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Research Reveals Extent Of Social Care Crisis

Age-UK-Logo-CMYK1Research by Age UK has revealed that more than 64,000 vulnerable older people have died since the Government announced it would publish plans to tackle the growing care crisis.

The Social Care Green Paper has been delayed six times, prompting fury from those struggling to treat an ageing population. According to the research, in the past two years months, the number of over 65s to have died after making a request for support, but before receiving services, stands at 64,367, equal to 77 a day, according to Age UK’s analysis.

The charity’s Caroline Abrahams said: “No one can say how many might have lived had they received the help they were due. But at the very least their final days and hours were less comfortable than they could have been. “Many are now openly questioning whether the document will ever see the light of day.”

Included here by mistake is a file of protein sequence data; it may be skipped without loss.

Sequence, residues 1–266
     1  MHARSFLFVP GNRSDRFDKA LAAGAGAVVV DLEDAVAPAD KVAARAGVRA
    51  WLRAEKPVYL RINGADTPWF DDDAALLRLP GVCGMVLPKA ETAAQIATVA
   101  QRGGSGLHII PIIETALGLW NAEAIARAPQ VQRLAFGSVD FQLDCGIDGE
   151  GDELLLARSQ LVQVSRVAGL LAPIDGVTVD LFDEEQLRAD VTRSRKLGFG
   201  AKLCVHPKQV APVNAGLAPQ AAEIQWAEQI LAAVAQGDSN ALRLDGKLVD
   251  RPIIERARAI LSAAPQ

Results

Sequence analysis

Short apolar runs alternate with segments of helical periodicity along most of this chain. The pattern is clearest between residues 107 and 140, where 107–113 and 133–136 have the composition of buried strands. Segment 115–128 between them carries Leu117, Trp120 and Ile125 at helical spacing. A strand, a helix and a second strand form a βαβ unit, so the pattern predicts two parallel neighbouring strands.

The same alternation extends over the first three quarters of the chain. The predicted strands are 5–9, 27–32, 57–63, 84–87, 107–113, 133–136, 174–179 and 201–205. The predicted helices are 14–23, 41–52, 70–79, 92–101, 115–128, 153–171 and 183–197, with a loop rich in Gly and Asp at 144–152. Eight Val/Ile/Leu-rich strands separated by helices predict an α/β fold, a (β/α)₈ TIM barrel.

Jayne Connery, director of Care Campaign for the Vulnerable, said: “It is no surprise this Government has no end date identified for the production of the green paper.

“This is simply not a priority for ministers. Resolving the social care crisis is not a vote winner and therefore to be ignored until the looming social care disaster has reached critical levels.”

Age UK’s research follows data released earlier this year by NHS Digital which said that 28,170 people had died after making a formal request for social care between 1 April 2017 and 31 March 2018, equating to an average of 77 people a day. Age UK applied this average to the remainder of the 700 days to arrive at its figure.

Over the same period, 626,701 people have had their requests for social care refused by a council, Age UK has estimated using the same methodology.